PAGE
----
I’ll admit it; I love a good juicy bit of reality TV. Watching dramatic weekly episodes packed full of tragic tales of sour break-ups, listening in on revealing testosterone-filled conversations between men that women were never meant to hear and watching people get caught in embarrassing situations can momentarily make you feel a little bit better about yourself. The entertainment is a cross between the lows of Jeremy Kyle and the vibrant characters of Big Brother but hosted in bars and clubs that you will have probably visited yourself, which allows you to suspend your disbelief and pretend all of it just might be real.
For example, I like Made in Chelsea (despite the overall concept being quite atrocious: kids getting even more rich solely based on the fact they are already rich somewhat baffles me). I like it because I don’t think the cast take themselves too seriously. Sometimes I think I catch a glimpse of a smirk beginning to crease in the corner of their faces just before the camera cuts at the end of scene, as though they begin to really get into character by improvising some seriously pompous lines that even shock the director. It’s a posh peoples play and they are getting fame and fortune by being themselves and getting paid for it. Who wouldn’t.
Getting home and putting on a TV program that requires zero brain power, with the only necessary energy required being to open a screw-top bottle of wine and let out the occasional unsympathetic chuckle in response to the on-screen life woes. Poor you, I often think, whilst listening to them complain for the hundredth time about the absolutely awful lives they live, simply because their ex-boyfriends are too busy whipping their hair back and forth and pretending not to be gay, whilst they all sip Moet together on cowhide rugs, and in their free time launch diamante jewelry collections and shoot music videos with some spare cash that they’ve found lying around.
Some reality TV cynics may ask, what on earth could be worse than this? The Only Way is Essex may be a close contender – but no – there is something on the horizon that is much, much worse.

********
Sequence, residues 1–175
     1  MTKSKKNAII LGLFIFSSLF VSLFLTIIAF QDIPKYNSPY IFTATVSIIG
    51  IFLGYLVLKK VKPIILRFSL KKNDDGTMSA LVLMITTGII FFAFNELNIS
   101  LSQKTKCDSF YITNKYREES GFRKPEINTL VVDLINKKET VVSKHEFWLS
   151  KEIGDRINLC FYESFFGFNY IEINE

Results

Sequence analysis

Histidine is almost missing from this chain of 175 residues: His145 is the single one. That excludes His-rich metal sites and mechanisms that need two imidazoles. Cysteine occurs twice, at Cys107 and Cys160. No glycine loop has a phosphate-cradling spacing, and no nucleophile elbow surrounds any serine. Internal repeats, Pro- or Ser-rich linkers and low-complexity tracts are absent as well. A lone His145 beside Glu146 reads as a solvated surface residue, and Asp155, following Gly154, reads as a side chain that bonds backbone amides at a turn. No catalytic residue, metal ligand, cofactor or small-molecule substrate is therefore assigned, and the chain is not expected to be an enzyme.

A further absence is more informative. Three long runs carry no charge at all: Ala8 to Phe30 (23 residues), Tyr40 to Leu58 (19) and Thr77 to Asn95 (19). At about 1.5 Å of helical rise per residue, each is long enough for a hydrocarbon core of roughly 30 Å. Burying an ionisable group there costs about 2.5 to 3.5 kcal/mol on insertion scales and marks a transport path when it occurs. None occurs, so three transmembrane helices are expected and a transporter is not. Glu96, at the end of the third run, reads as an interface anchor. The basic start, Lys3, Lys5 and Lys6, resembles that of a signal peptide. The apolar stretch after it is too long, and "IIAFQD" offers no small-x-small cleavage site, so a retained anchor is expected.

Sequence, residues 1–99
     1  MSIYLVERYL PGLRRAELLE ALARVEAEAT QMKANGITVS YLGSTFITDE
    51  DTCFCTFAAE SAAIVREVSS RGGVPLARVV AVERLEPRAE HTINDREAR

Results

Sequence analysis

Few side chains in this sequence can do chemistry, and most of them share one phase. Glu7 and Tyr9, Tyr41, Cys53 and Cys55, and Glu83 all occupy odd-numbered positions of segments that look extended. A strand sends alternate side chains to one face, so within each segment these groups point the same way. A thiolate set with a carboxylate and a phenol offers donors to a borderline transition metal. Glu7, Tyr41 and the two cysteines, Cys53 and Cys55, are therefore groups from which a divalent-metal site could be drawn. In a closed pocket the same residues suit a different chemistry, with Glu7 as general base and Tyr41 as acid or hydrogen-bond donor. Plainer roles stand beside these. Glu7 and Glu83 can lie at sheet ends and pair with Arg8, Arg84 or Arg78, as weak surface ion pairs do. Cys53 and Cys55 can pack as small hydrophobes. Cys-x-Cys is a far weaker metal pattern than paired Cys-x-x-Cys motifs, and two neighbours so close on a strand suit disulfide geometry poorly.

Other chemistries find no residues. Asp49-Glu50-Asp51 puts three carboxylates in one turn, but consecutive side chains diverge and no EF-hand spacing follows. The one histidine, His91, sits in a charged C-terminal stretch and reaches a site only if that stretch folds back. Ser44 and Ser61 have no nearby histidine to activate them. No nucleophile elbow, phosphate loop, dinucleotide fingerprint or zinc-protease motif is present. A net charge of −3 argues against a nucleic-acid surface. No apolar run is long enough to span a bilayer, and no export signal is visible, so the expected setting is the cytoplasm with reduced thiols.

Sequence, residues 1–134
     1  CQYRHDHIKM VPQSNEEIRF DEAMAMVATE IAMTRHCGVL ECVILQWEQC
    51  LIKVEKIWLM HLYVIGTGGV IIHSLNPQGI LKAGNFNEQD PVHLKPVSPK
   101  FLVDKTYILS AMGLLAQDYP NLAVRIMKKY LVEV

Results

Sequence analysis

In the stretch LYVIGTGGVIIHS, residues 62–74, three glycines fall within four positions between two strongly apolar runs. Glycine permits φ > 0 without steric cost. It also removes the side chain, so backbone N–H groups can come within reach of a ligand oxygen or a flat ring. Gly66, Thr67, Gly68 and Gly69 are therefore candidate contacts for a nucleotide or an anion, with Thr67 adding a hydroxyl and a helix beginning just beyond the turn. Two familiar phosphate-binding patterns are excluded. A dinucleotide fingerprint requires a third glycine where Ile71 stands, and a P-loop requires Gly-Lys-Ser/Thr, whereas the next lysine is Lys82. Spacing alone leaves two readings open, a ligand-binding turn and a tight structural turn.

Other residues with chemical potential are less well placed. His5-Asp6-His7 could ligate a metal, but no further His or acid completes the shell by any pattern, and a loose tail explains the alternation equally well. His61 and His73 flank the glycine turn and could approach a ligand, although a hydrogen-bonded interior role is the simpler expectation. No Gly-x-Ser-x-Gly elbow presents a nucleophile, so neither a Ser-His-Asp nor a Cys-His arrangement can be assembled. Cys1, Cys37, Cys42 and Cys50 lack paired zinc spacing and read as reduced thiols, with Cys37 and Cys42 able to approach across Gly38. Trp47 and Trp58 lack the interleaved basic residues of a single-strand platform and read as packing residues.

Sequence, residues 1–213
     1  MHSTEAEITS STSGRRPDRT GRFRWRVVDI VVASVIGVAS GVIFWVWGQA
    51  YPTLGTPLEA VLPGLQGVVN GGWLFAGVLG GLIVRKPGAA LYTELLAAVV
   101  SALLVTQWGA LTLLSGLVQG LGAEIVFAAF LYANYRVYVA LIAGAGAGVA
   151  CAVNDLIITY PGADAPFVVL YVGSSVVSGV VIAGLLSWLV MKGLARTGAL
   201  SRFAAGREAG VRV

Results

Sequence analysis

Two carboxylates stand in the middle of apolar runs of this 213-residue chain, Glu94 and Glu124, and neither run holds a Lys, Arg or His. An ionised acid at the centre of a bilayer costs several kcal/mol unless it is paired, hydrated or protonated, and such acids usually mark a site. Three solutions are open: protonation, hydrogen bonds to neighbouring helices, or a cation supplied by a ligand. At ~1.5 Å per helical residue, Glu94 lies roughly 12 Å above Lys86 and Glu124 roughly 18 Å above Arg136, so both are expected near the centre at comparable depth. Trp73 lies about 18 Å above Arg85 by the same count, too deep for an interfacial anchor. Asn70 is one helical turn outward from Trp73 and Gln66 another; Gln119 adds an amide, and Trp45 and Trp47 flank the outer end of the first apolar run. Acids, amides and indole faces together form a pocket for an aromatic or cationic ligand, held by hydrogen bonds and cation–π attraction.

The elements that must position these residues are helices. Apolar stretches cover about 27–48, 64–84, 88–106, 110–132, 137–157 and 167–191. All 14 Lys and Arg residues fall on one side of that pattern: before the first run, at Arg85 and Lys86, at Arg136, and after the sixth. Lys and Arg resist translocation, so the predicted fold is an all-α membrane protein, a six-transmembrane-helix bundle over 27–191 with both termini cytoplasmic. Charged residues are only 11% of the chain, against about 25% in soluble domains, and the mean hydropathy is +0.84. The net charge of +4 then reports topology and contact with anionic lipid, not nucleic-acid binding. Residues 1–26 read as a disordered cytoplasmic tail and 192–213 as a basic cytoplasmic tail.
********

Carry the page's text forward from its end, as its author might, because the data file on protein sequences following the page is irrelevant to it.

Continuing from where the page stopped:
Think of something that might not be as jovial as embracing a group of light-hearted toffs or Essex ‘birds’ who live in a tipsy whirlpool of emotion. Imagine another young-persons program on a social mission to be desperately deemed as the ambiguous term: “cool” Think Skins, but older and therefore should be wiser. Welcome to…The Only Way is Dalston.
In TOWIE we are invited to look upon the glamorous world of the Sugar Hut, PVC dresses, fake tan, the infamous term ‘reem’, laughing at embarrassing engagement parties and the trials and tribulations of an epic one-and-off break up fit enough to be in the Guiness Book of World Records. These things at least spurred online conversation, featured a token hilarious grandparent, and even allowed our parents to ask us what on earth a Vajazzle was. Similarly with Made in Chelsea, at least we have the comic relief of Francis Boulle, who comes equipped with an office, whopping inheritance and modest title of CEO (all whilst looking about 12 years old), who appears to do nothing but embarrass himself in front of his exotic ‘intern’ and pose for self-potraits whilst strategically holding fruit. We also have Mark Francis Vandelli who’s infectious laugh has us in fits, as well as his endearing yet concerning way of speaking to his maid, by yelling in over-accentuated Italian when a lightbulb is in need of fixing. Not to mention his casual flitti ng to and from his modest sea-side resort in Cannes, because well, he can.
However, with this new East-London series about to hit our TV screens, it looks to me like we have a team of serious artistic fashionistas on our hands, who are deadly serious about appearing to be the height of cool, living on the edge with their ‘Shoreditch back and sides’, and wouldn’t be seen dead without a vintage fur, retro sunglasses , pocket comb and bed-head that has taken a good half of the day to style. I wonder how this particular cast would react when asked to do a celebrity meet-and-greet at an Oceana in Slough. If these potential cast members are anything to go by, they will be too busy shining their Raybans, rolling their eyes or knitting a scarf perhaps.
“In love with Emma Gannon’s Ctrl Alt Delete. So funny & smart, and reminding me of some of my own cringe teen Internet exploits!”– Anna James, former literary editor of ELLE
"Funny, honest, and nostalgic!"– The Debrief
“Emma Gannon is a bright spark of light in the world. I seriously dig everything she makes”– Elizabeth Gilbert, bestselling author of Big Magic